Louise Downing and Alex Pengilly wanted to help companies give back to their local communities. Combining their expertise in sustainability and sales, they created BizGive.
BizGive is a tech platform that promotes consumer-led corporate giving for B2C brands. The company uses machine learning and automation to match companies with charities that resonate with their consumers. Then, customers can vote for charities they want to donate to.
We spoke to founder Louise Downing about BizGive’s origin story, the challenges of being self-funded and her experience as a Pitch 2018 finalist.
The inspiration behind BizGive
Downing’s interest in charitable causes began with her first business, Spotdeco. It was an interior design blog and store, but she also wanted to raise awareness around social issues. So, she decided to use her platform for exactly that.
“The technology allowed users to input their location and search for charity projects with different themes. They could then vote for their favourite and I would donate according to what they voted for,” Downing said.
“I published some blogs about the project and it went down really well. When I started talking to retailers to see what the interest levels were, the response was overwhelming. I spun out BizGive from that – it’s been a constant evolution since then.”
How BizGive uses tech to match companies with charities
One of the companies BizGive works with is Pukka Herbs, a herbal tea and supplement business.
BizGive’s technology identified nine charitable projects at different locations where Pukka’s customers are based. When customers visited the blog, the technology could automatically locate them and show them the nearest charitable projects. Then, they could vote for their favourite one and Pukka would donate according to what they voted for.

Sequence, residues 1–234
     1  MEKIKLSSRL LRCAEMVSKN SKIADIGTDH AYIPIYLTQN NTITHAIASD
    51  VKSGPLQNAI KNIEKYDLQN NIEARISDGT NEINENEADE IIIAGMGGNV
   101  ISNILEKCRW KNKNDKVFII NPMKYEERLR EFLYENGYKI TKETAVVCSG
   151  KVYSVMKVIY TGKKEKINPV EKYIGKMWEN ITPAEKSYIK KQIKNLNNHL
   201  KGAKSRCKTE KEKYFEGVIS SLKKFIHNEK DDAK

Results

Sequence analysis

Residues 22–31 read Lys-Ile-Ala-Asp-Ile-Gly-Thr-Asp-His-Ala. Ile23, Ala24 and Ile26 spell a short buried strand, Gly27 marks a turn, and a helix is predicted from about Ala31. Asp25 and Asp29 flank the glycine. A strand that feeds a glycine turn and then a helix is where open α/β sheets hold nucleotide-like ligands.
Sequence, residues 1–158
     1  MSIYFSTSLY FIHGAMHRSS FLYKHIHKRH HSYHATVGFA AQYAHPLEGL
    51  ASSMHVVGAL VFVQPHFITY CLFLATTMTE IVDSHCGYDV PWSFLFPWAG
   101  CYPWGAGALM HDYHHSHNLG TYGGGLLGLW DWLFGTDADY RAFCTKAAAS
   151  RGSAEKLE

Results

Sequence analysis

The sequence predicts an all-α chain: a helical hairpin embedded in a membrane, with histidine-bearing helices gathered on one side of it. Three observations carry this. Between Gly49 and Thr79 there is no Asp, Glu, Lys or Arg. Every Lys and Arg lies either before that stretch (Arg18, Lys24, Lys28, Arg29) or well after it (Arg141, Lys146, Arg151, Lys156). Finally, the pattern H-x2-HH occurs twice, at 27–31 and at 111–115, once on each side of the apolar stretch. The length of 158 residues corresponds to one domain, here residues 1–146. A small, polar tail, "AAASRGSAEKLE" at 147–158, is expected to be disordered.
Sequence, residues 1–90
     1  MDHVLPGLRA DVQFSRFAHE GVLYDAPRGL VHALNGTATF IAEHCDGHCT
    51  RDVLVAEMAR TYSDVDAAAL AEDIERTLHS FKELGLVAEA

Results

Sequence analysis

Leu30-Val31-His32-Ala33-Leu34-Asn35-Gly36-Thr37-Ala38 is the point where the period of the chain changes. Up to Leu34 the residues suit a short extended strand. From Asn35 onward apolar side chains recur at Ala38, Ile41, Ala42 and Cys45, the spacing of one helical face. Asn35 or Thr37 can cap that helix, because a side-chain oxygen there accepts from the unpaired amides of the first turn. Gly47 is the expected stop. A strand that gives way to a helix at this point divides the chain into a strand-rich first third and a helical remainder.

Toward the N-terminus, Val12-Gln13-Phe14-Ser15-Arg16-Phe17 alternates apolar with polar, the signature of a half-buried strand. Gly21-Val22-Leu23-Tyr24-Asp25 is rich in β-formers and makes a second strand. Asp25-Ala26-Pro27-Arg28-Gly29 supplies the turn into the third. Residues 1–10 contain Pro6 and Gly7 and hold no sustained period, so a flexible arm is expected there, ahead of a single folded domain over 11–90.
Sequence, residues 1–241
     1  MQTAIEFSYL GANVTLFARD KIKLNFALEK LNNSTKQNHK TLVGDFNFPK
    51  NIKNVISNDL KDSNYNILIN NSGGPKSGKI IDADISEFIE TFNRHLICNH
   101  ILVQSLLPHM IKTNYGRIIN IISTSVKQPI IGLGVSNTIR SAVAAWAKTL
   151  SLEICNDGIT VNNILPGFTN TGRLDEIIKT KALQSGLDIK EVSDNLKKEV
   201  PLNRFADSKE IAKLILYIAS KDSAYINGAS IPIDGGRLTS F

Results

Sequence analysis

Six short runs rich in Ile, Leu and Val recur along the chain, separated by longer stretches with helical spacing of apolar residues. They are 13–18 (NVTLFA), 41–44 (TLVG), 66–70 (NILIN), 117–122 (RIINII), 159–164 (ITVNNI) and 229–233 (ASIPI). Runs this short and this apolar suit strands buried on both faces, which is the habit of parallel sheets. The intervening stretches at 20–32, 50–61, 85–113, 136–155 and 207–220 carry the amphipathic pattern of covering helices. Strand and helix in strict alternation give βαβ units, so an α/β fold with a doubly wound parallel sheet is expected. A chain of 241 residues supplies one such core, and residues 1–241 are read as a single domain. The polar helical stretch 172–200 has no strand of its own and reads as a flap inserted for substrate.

We can capture how much consumers are spending and the types of products they’re purchasing
“What we provide for the company itself is reporting around that. For example, information about the charitable affinities of their consumers and how they relate to where their consumers are based.”
BizGive aim to develop their technology, in the hope of providing companies with even more insight into consumer behaviour.
“We’re now extending the reporting to the post-checkout screen. It means we can capture other on-page insights, like how much consumers are spending, the types of products they’re purchasing and how that connects to their charitable passions project base,” Downing explained.
Succeeding with limited time and money
BizGive has always been self-funded, but Downing believes that limited cash flow has worked to their advantage.
“It’s forced us to be lean and agile with our development. I think sometimes there can be a trap if you have too much money – you end up down several rabbit holes. Being self-funded has forced us to be extremely focused and validate every one of our investments and product developments.”
To stay on track, BizGive set key objectives before they embark on new projects or tasks. As a startup with limited time available, Downing tries to question the value of every task in the business.
“Before you do anything, ask yourself what your objectives are and align those to the higher business function. So if you’re looking to grow sales, how exactly is that particular task going to help you better align with that?”
Taking part in The Pitch
While searching for different startup competitions, founders Downing and Pengilly discovered the Pitch. After applying in 2018, BizGive was shortlisted as one of the 15 finalists.
Downing pitched BizGive to the judging panel and an audience full of entrepreneurs, journalists and investors. She believes this experience really benefited the company.
“For one, it helped to put us in front of potential new supporters and investors. Secondly, the people I met there have been brilliant for sharing learning and insight. We’ve also kept in contact with some of the judges from The Pitch, who have provided really useful insight and advice. We might start to work with them in the future too,” she said.
It was really valuable in terms of boosting my confidence and helping me to shape how we pitch our product
The experience also helped Downing to articulate the company’s ethos and the services they provide.
“It was a huge learning curve – I’m not a natural public speaker. It’s something that I find completely terrifying, so it was really valuable in terms of boosting my confidence and helping me to shape how we pitch our product.
“We learned how to package our product and turn something multifaceted into bite-sized nuggets. It’s especially useful when you’re delivering it to people who don’t know anything about it.”